Bernadou’s excellent silent parable of what it’s like to be a woman out in the world follows Canopy from her childhood — symbolically presented as a continual act of nursing with her mother until womanhood, when she is released blindfolded into a magical forest and left with an unknown male to find her own way. Canopy deals with various encounters with male figures, sometimes in context of other female figures vying for interaction with the male, moving from a passive flower man to a poetic musician who attracts a crowd of wild women to a man who steals her face to a playboy on top of a red tree who offers her some escape. Interspersed are interludes between Canopy and her father, filling in more of her childhood, but this time as a struggle between the two of emotional clinging versus betrayal, and a desperate attempt by the father to keep her from growing up. Bernadou packs a lot of psychology in this little book, and even though moments of it are harrowing, and even familiar, still manages to elicits laughs along with a few winces. Her stylized art is retro, lively, and fluid, with reds challenging the blacks and whites, and giving the reader some temperature beyond the pantomime.
Silent slapstick mixes with violence and dystopian malaise in this futuristic story about a war between two sides at some point in the future and the devastation it causes. There are two companies, the one with the pig head logo and the one with the monkey-like face logo, in a fully-realized, complex futuristic city who are preparing to attack each other from the inside. One is moving forward thanks to some mind-bending newly-captured alien technology that promises stealth and total destruction, while the other is embracing the time-honored killer robot method. All the leaders and bureaucrats and agents swirl around each other in a frantic lead-up to an ultimate battle, and it all comes to life through Varela’s incredibly fluid, inventive word-less storytelling, with hilarious digressions and dark details. Works as a satire on the slavery of corporate culture and on the human tendency to not understand the full implications of the technology it wields, as well as just an excuse to look at some cool gross alien stuff.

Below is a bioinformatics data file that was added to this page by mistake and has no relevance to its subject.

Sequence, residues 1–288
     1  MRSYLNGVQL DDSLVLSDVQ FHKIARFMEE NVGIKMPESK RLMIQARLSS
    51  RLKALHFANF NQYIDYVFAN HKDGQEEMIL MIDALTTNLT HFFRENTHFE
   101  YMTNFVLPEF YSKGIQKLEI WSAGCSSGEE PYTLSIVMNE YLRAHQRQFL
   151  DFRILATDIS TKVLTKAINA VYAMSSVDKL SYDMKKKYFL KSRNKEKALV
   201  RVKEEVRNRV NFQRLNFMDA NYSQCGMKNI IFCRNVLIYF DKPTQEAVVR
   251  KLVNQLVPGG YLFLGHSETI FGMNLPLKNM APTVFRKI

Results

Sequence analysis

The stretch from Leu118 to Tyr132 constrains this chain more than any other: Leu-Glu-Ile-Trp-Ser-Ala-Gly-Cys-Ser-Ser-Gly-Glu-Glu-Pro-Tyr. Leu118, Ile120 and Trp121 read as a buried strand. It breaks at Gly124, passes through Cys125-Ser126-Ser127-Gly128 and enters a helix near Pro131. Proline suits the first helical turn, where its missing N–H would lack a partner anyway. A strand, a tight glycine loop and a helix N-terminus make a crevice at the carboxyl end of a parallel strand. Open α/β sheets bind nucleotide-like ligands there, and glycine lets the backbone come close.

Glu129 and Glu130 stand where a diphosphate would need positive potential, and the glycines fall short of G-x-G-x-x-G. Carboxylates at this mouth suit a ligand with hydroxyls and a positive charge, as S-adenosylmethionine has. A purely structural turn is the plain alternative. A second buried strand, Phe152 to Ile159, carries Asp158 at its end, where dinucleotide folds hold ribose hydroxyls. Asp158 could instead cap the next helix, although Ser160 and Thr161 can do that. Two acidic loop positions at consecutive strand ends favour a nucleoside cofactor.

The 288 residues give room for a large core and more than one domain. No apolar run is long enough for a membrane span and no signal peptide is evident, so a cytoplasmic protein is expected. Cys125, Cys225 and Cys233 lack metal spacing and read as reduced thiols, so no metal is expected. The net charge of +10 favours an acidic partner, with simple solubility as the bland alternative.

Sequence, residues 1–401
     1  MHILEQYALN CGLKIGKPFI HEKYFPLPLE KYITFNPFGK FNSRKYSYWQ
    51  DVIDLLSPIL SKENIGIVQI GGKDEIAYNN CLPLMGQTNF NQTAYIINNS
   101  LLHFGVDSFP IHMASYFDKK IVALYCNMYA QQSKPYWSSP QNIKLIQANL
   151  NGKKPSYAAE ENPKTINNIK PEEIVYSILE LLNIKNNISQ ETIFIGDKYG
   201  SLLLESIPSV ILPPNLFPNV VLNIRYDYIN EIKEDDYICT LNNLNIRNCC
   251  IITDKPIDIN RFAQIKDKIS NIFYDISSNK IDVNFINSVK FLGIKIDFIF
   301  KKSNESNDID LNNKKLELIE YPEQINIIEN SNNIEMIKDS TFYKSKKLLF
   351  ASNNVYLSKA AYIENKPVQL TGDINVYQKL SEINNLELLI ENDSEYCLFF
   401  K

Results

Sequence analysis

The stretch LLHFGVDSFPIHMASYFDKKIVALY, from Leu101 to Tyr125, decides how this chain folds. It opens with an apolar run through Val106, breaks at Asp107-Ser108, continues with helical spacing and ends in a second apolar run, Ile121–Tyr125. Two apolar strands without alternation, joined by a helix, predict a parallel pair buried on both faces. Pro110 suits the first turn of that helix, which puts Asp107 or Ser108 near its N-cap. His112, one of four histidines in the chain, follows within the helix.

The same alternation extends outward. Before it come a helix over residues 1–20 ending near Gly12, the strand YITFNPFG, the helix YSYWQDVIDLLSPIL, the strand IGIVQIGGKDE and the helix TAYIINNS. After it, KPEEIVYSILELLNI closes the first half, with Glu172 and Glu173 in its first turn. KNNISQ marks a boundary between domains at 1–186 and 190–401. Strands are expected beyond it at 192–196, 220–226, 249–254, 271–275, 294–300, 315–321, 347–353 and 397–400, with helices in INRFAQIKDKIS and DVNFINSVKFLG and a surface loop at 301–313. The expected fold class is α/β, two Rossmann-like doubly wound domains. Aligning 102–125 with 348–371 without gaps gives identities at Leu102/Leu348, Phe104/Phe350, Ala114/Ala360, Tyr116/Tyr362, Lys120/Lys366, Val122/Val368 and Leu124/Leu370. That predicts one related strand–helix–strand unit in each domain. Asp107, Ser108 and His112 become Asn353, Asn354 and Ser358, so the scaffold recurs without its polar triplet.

Now at five issues, Mendes uses an autobiographical essay by her grandfather as inspiration for this dark story of a rural family stricken with abuse. Opening with the tense birth of Edie, tainted by her father’s violent control of her mother’s life, which forces her mother to separate from her family, isolated and terrorized by Edie’s father. Mendes captures Edie’s childhood by focusing on Edie’s free range life with the other kids, which include several naughty and fun capers, as well as some heartbreaking moments, with the darkness of the parents’ marriage like a fog that surrounds Edie’s being and occasionally threatens to fill it up. Mendes’ strength is always with her well-rounded depiction of children and while the depth of the children’s experience is so well-presented that the adult motivations remain mysterious in that context, it makes for a pure experience that mirrors a kid’s in dysfunctional situations— your life is painted with a brush that you can barely see, and rarely comprehend the movement of, but at times you can turn away from and lose yourself in growing up.